Japan Bonds Drop for Eighth Week on U.S. Recovery Signs, Stocks

Japan’s 10-year bonds declined for an eighth week, the longest stretch since April 2006, as signs the U.S. economic recovery is gaining momentum damped demand for the relative safety of debt.

Benchmark 10-year yields were at a five-month high as local stocks headed for a fifth-weekly gain and before data that may show U.S. employers added jobs for a second month. Japan’s 30-year bonds completed a weekly loss on speculation investors reduced holdings to prepare for an auction next week.

“Investors don’t want to make big moves today before the U.S. jobs data,” said Akio Kato, Tokyo-based team leader for Japanese debt at Kokusai Asset Management Co., which runs the $36.6 billion Global Sovereign Open fund. “They are hesitant to buy bonds now because they may be able to get them cheaper later. Market sentiment continues to be negative for bonds.”

The yield on the 1.2 percent bond due December 2020 rose half a basis point to 1.205 percent as of 3:01 p.m. in Tokyo at Japan Bond Trading Co., the nation’s largest interdealer debt broker. The price fell 0.045 yen to 99.955 yen. A basis point is 0.01 percentage point.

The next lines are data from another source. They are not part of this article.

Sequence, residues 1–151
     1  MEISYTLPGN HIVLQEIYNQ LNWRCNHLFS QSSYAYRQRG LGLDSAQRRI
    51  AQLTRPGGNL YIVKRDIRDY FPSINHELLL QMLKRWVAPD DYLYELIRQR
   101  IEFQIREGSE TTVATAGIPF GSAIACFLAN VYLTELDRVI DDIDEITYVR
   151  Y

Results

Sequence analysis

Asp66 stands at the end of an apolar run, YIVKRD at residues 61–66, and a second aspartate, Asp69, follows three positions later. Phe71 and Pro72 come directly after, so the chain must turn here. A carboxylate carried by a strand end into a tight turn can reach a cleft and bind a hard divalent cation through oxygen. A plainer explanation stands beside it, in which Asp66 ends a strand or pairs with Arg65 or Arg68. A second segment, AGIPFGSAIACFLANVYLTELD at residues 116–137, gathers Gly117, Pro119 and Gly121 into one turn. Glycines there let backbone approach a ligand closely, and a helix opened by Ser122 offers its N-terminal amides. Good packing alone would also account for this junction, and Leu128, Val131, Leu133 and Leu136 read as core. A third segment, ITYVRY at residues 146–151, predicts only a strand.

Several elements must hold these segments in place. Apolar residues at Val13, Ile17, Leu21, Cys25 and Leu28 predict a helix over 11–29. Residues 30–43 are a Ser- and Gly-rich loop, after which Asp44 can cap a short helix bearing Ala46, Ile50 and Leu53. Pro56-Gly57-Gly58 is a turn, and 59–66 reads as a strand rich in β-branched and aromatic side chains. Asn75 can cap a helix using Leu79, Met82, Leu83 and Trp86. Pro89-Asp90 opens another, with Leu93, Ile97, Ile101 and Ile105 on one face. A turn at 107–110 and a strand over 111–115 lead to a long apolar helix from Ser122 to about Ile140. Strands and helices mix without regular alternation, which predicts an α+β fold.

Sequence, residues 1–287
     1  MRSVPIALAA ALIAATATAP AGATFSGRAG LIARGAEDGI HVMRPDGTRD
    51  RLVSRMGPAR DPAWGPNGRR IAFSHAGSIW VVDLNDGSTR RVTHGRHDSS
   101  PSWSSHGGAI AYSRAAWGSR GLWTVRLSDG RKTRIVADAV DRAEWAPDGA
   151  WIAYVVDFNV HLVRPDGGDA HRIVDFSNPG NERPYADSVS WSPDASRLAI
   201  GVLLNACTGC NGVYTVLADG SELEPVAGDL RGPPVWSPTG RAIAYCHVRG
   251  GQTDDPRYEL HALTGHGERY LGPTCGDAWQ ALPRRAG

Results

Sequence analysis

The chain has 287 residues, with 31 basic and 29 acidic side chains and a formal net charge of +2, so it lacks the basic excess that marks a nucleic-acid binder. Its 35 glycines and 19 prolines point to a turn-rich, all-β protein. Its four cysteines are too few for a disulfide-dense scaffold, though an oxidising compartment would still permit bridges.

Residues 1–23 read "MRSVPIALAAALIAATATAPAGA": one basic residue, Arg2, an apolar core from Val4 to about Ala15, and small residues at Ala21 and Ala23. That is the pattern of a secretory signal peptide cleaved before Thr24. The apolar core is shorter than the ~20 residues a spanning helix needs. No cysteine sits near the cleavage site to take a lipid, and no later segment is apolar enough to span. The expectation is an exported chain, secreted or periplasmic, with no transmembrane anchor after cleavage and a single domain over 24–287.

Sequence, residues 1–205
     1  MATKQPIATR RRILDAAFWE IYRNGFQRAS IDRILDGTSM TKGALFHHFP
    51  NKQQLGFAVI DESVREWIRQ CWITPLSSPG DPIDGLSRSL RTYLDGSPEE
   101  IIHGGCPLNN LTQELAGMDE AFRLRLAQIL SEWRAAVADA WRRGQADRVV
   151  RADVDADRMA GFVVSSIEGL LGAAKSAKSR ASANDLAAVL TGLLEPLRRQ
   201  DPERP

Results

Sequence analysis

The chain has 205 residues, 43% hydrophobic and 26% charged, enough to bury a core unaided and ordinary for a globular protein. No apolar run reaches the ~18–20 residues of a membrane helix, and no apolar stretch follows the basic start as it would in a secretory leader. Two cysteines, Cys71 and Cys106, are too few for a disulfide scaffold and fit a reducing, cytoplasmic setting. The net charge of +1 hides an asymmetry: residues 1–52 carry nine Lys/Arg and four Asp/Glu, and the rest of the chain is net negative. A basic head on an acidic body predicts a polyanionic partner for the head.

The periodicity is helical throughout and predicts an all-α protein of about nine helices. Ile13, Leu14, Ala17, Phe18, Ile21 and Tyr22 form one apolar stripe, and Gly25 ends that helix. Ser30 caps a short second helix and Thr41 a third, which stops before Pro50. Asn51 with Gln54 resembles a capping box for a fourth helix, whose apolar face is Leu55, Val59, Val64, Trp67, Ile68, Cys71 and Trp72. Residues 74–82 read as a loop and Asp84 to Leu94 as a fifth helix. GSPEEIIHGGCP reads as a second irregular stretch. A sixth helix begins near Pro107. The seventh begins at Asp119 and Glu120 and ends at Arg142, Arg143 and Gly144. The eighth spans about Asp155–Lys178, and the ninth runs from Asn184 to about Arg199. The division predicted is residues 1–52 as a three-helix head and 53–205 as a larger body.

The yield is at the highest since June 22 and has increased 1.5 basis points this week.

Ten-year bond futures for December delivery fell 0.06 to 140.88 as of the afternoon close at the Tokyo Stock Exchange.

U.S. Jobs

U.S. payrolls rose by 150,000 in November after increasing by 151,000 the previous month, according to a Bloomberg News survey of economists before today’s Labor Department report. Earlier this week, a report by ADP Employer Services showed businesses added 93,000 workers to payrolls in November, the most in three years.

“Upcoming U.S. jobs data are likely to weigh on investor appetite to buy new 10-year bonds on dips with 1.2 percent yields,” Kazuhiko Sano, chief strategist at Tokai Tokyo Securities Co., wrote today in a note to clients.

An auction of 10-year bonds on Dec. 1 drew bids for 2.41 times the amount on offer, the lowest so-called bid-to-cover ratio since July 2009.

The Ministry of Finance will sell 600 billion yen ($7.2 billion) of 30-year securities on Dec. 7. Primary dealers, which are required to bid at government debt sales, often reduce holdings of bonds in case prices decline before they can pass on the new securities to investors. Thirty-year rates gained 2.5 basis points to 2.105 percent this week.

Japan’s government bonds have handed investors a 1.8 percent return this year, according to an index compiled by Merrill Lynch & Co.

The Nikkei 225 Stock Average rose 0.1 percent today and advanced 1.4 percent this week. Treasury 10-year yields yesterday climbed above 3 percent for the first time since July.

Japan’s 10-year yields may rise to 1.3 percent by the end of this month, according to Kokusai’s Kato. Should his forecast prove accurate, investors who buy the securities will incur a 0.8 percent loss, Bloomberg calculations show.

Analysts surveyed by Bloomberg News expect yields to be 1.06 percent at the end of this year. The estimate puts a heavier weighting on more recent forecasts.

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